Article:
Welcome to The Renewable Energy Centre
Use the menu on the left to choose the area that interests you. Each area has a general introduction followed by page(s) showing UK suppliers and contractors. From these pages you can:
- click the logo to visit a company's own website
- click the email link immediately above each logo to contact the company
- send one email to all of the companies shown using the button at the top of the page
Further down, you will find useful information including Latest News, Trade Associations, Government Initiatives, Grants and Funding Educational Resources, Conferences and Exhibitions and more!
We hope you find this site useful; if you have any comments please email us. Please mention The Renewable Energy Centre when contacting organisations you find on this site. Thank you.
New! The Renewable Energy Centre Blog
We have now launched a blog on the website which will offer posts about what is going on in the industry with some very interesting opinion and views. We would also love to receive guest post so please send them to firstname.lastname@example.org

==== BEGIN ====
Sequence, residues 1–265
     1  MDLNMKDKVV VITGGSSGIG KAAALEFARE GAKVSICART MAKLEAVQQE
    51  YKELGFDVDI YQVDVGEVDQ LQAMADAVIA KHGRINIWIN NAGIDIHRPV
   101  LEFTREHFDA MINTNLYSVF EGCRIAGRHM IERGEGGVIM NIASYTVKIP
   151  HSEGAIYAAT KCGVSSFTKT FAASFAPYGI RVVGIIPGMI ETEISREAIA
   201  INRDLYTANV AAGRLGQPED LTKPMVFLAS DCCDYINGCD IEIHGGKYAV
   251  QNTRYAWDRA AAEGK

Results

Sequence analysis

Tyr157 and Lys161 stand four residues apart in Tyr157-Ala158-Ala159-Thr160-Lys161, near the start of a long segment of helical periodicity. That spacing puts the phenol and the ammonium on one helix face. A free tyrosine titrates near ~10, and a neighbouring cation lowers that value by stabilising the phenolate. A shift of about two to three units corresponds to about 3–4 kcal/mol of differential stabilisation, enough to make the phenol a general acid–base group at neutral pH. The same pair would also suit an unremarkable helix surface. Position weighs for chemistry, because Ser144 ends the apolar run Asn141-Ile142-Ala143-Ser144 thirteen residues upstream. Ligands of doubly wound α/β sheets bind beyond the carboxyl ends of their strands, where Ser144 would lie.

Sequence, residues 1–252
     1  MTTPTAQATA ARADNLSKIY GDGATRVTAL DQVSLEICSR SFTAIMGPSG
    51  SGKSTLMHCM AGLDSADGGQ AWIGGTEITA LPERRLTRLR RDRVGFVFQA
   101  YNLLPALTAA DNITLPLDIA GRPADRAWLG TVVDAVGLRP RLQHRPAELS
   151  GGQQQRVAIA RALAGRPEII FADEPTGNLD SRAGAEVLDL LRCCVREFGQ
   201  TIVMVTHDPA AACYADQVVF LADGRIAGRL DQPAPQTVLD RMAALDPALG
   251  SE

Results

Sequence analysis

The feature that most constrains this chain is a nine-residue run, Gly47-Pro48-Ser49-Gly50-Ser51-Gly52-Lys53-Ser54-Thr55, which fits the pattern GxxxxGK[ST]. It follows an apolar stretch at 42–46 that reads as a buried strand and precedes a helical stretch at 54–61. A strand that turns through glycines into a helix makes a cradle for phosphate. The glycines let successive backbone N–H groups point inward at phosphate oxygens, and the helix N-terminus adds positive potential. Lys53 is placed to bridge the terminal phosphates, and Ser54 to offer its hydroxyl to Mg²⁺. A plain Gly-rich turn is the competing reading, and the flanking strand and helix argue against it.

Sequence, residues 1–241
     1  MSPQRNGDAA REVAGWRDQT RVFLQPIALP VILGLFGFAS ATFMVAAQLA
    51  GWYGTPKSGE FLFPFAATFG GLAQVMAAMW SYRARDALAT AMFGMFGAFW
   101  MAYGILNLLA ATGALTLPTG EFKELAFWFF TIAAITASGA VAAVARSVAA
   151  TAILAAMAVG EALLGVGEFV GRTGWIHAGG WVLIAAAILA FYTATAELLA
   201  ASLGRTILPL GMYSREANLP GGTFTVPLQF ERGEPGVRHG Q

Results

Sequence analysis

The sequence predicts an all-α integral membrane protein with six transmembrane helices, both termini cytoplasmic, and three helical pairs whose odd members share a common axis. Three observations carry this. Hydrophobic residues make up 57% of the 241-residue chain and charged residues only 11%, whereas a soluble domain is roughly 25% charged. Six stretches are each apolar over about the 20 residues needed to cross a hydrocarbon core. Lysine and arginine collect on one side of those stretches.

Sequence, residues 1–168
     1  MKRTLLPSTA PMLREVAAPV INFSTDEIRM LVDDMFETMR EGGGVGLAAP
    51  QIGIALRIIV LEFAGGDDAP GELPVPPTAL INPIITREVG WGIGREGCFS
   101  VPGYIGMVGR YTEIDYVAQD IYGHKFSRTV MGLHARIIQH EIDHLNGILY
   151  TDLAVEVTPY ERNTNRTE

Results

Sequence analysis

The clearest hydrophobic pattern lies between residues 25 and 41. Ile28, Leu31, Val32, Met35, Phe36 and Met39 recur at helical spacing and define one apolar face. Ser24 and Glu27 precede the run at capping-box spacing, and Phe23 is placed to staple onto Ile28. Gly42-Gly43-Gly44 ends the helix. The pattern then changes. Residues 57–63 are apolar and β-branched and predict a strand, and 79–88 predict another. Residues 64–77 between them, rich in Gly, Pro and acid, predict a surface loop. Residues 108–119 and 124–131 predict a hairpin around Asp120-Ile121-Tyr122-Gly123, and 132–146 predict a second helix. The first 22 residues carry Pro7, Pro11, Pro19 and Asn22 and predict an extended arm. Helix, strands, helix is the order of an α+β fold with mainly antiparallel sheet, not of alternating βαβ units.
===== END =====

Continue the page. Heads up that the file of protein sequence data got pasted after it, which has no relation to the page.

Latest Article from our Blog
As I watch my dog’s tail wagging joyously, I have often wondered (half seriously) how much green energy could be generated if a way could be fou...
Saving Money, Saving Energy & Saving the Planet
We are all conscious of the effect that industry and our society are having on the planet and also of the spiralling cost of energy both financially and environmentally. As such, many countries across the world joined together to agree a set of principles and targets to stem the increase of greenhouse gases which are rapidly increasing the earth's temperature.
Although increasing temperatures may sound like good news for those who live in colder climates, the warming of the earth is set to cause catastrophic events which will affect everyone.
The IPCC (Intergovernmental Panel for Climate Change) predicts that by 2100 the earth's temperature could reach over 6 degrees centigrade however it is widely recognised that 2 degrees centigrade is the threshold at which significant and devastating environmental events will occur. This threshold is only around 1.2 degrees centigrade from where the temperature stands today.